Bemused about the relationship between Social Media and Mental Health?

There is no denying the ways in which social media adds to our lives - connections with friends and family; support groups; inspiring images and videos; a plethora of information and education; positive messages; and plenty of fodder for a belly laugh. It’s difficult to imagine Covid without it!

However, we cannot have a conversation about social media without acknowledging the ways in which is causes distress - bullying, social comparisons, ‘selective’ versions of people’s lives and negative messages - are all very real. Within a social media context, our natural human quest to feel valued is externalised, magnified and never satiated - the bar is constantly being raised.

While there is contradictory evidence in the research around social media use - there is little doubt it negatively affects mental health, with 'associations' to depression, social anxiety and psychological distress - particularly amongst teenagers.

Social media is here to stay (most of us like it that way!) - so how can we make the most of this wonderful resource, whilst managing the negative impacts on mental health? Recent research provides some interesting clues- one in particular, I thought worth sharing.

Research undertaken in the US made a clear distinction between ‘passive’ and ‘active’ social media use and the measurable differences in symptoms of depression: 'passive' use was associated with higher symptoms of depression; while 'active' use showed no significant association, or in fact a decrease in symptoms of depression*.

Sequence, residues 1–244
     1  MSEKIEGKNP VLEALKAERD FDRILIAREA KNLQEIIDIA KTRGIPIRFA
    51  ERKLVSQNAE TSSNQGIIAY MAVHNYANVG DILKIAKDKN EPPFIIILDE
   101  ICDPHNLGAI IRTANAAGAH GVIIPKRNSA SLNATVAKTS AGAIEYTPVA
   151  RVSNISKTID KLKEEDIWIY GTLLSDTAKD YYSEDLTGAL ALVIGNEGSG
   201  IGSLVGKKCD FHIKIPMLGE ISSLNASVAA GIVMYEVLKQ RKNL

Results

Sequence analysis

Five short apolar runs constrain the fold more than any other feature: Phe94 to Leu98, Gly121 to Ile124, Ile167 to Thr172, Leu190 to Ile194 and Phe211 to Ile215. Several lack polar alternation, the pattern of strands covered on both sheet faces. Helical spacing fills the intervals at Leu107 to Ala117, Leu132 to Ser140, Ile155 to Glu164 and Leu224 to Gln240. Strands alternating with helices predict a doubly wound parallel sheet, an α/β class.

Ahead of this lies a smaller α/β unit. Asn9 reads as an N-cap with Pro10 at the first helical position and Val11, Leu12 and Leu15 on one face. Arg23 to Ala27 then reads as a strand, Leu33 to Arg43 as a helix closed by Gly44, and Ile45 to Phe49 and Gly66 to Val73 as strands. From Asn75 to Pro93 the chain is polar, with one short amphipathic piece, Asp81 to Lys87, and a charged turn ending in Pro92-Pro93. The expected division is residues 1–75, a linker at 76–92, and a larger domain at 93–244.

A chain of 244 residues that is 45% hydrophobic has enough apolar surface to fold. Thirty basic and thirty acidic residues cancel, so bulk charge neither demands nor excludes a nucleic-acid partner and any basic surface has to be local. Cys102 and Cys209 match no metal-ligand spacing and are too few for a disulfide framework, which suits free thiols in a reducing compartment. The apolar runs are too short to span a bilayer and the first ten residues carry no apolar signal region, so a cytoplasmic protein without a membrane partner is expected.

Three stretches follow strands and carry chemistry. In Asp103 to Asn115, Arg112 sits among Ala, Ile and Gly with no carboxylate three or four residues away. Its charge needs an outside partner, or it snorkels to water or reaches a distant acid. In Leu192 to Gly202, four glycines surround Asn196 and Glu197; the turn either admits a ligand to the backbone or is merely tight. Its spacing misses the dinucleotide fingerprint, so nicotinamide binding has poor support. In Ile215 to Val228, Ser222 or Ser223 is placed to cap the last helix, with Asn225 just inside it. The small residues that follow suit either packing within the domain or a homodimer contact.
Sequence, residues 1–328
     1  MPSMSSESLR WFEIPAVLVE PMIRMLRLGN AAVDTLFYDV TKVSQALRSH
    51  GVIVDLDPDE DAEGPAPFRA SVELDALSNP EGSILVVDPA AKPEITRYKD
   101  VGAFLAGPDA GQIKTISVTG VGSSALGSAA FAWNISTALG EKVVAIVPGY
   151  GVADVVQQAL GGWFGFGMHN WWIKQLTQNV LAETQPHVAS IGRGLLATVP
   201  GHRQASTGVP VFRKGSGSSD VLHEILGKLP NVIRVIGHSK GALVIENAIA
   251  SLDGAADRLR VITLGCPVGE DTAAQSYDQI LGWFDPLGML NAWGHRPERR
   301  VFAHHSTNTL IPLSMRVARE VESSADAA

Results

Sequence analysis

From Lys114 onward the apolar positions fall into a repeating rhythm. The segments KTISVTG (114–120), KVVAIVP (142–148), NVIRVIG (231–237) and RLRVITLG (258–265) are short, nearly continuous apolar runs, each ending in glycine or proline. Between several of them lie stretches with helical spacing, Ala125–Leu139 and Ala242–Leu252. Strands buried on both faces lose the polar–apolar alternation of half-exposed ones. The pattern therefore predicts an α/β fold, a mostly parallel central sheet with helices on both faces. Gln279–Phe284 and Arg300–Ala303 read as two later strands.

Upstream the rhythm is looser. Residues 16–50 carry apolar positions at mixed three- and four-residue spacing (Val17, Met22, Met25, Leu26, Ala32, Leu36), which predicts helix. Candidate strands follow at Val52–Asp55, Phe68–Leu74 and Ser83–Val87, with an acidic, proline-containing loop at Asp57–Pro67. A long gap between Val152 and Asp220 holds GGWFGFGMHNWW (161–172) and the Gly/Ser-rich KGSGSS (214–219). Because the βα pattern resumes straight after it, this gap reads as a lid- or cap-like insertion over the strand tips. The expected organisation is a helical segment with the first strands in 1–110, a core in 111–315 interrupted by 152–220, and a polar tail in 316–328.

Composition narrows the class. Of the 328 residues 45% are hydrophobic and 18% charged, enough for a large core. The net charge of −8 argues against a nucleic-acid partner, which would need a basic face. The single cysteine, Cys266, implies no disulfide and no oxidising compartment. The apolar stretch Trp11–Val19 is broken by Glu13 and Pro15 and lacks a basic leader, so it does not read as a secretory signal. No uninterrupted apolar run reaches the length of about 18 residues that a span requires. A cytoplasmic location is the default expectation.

So what does ‘active’ and ‘passive’ use actually look like?

Passive social media use includes reading discussions, comments and reviews; watching or viewing; passive scrolling; and maintaining no engagement with content and others.

Active social media use on the other hand, involves actions such as making connections; sharing others' content; frequently engaging with others through comments and messages; and creating your own content (sharing life experiences; text/stories; audio and video). Interestingly, researchers suggest 'liking' is not considered 'active' as it is not seen to be 'actively seeking' information to connect or create shareable content.

If building healthier social media use (for you and your children) is important to you - think about the ways in which you might work towards becoming a more 'active' user.

Do less:

- passively scrolling

- passively 'following' others

- simply clicking 'like' without reading or engaging with the content

- monitoring for likes and approval, which only builds an external compass of self-worth.

Do more:

- actively engage with content that resonates with you

- communicate with others and build relationships / connections

- create more of your own content through sharing comments, shares and stories.

The overwhelming benefits of this could be:

- less envy and social comparison, which leads to more satisfaction and gratitude in your own life

- increased social capital (the relationships that positively contribute to wellbeing)

- healthier development (and maintenance) of an internal compass of self-worth

- presenting a healthy role model to your children (do as I do!).

Active use of social media is targeted. It's about being selective. It's about setting limits for the time you spend each day (apps can do this!). It's about being mindful that what you see is not necessarily what you get, or the 'whole picture'. It's about engaging with and connecting to - in an effort to enjoy all it has to offer whilst taking care of your wellbeing.

Make social media work for you and your mental health - engage and get active!

Source and further reading:

Escobar-Viera, César & Shensa, Ariel & Bowman, Nicholas & Sidani, Jaime & Knight, Jennifer & James, A. & Primack, Brian. (2018). Passive and Active Social Media Use and Depressive Symptoms Among United States Adults. Cyberpsychology, Behavior, and Social Networking. 21. 437-443. 10.1089/cyber.2017.0668.